Why Does the UK drive on the left?
Today, about two thirds of the world drive on the right and a third on the left, but how did it come to pass? And why is the UK in the minority?
In 1998, archaeologists found a track leading to a Roman quarry near Swindon. The grooves on the left side of the road going away from the quarry were much deeper than the right. Archaeologists surmised that, since carts would exit the quarry heavy, and enter it empty, Romans drove on the left.
A little more recently, historians suggest that it was the advent of horse travel that really cemented left-hand driving on our green and pleasant isle.
As more people are right-handed, the horseman would have been able to hold the reins with his left hand and keep his right hand free – to offer a hand of friendship or draw a sword. While that remained little more than a custom, the first ‘keep left’ legal reference in Britain arrived in the early 18th Century. In a forerunner to the congestion charge, those traveling over London Bridge were ordered to keep left, disobeying the order incurred a 20 shilling penalty.
The move from left to right took place in the US due to wagons pulled by several pairs of horses.
Wagons had no driver’s seat, so a postilion (rider) sat on the left rear horse. This seating position was to allow the rider to hold his whip in his right hand. The left-seated position meant that he could also more easily judge passing wagons. He could be sure to keep clear of the wheels of oncoming wagons and avoid damaging his horses – he did that by passing on the right-hand side.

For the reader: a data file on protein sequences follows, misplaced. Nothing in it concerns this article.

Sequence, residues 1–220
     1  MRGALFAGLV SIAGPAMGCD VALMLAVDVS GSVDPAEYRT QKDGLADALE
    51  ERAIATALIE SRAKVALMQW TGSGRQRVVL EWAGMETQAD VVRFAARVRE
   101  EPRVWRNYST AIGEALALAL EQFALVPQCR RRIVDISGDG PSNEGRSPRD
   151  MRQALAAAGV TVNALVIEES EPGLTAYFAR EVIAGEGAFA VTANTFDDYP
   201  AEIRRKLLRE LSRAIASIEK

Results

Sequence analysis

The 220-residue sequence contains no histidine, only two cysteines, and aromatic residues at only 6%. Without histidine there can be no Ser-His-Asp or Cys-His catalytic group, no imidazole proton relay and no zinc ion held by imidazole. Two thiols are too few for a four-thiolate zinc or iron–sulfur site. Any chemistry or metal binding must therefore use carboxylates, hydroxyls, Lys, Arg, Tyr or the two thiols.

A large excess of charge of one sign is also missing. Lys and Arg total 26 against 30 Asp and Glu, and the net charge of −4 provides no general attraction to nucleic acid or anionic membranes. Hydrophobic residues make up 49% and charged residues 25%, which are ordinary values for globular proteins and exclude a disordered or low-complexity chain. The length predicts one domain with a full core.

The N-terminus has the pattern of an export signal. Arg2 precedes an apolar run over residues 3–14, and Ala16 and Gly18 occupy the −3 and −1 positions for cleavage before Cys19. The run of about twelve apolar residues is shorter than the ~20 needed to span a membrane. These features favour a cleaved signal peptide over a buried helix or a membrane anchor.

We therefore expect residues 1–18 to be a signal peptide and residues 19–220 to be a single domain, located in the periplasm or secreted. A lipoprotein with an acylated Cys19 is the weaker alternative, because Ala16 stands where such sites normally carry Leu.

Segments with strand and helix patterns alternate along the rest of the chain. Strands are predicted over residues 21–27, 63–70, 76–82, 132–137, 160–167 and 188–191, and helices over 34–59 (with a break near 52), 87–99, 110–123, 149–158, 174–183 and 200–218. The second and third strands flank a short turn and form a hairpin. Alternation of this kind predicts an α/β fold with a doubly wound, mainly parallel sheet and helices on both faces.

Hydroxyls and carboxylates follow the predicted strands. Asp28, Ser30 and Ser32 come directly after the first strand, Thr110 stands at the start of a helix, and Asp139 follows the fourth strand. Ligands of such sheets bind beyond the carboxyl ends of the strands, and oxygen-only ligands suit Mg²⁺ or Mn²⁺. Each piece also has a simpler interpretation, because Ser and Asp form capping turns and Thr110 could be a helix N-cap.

Moving forward some two hundred years, the placement of the steering wheel is conventionally opposite to the ‘rule of the road’ – left-hand driving countries used right-hand drive vehicles and vice versa.
This convention is so that a driver’s ‘line of sight’ is as long as possible down the road – important for overtaking. However, there are countries where this is not the case. Right Hand Traffic countries Afghanistan, Burma, and the Russian Far East permit both left and right-hand drive vehicles.
In Africa, Asia, and South America some countries have borders where drivers must change to the other side of the road – most notably Thailand (a left-hand driving country surrounded by right-hand driving neighbours).
Left-Hand countries deliver safer driving
A 1969 study showed that left-hand traffic countries like the UK have a lower collision rate than right-hand traffic systems. It has been suggested that this is partly due to humans being more right-eye than left-eye dominant.
In left-hand traffic systems, the better-performing right eye is used to monitor oncoming traffic and the driver’s wing mirror. In right-hand traffic, the weaker left eye takes over. Plus, left-sided driving is safer for the elderly due to their failing visual abilities.
And, on left-hand driving cars, the largely dominant right-hand stays on the steering wheels while the left changes gears, tunes in the radio and unwraps sweets.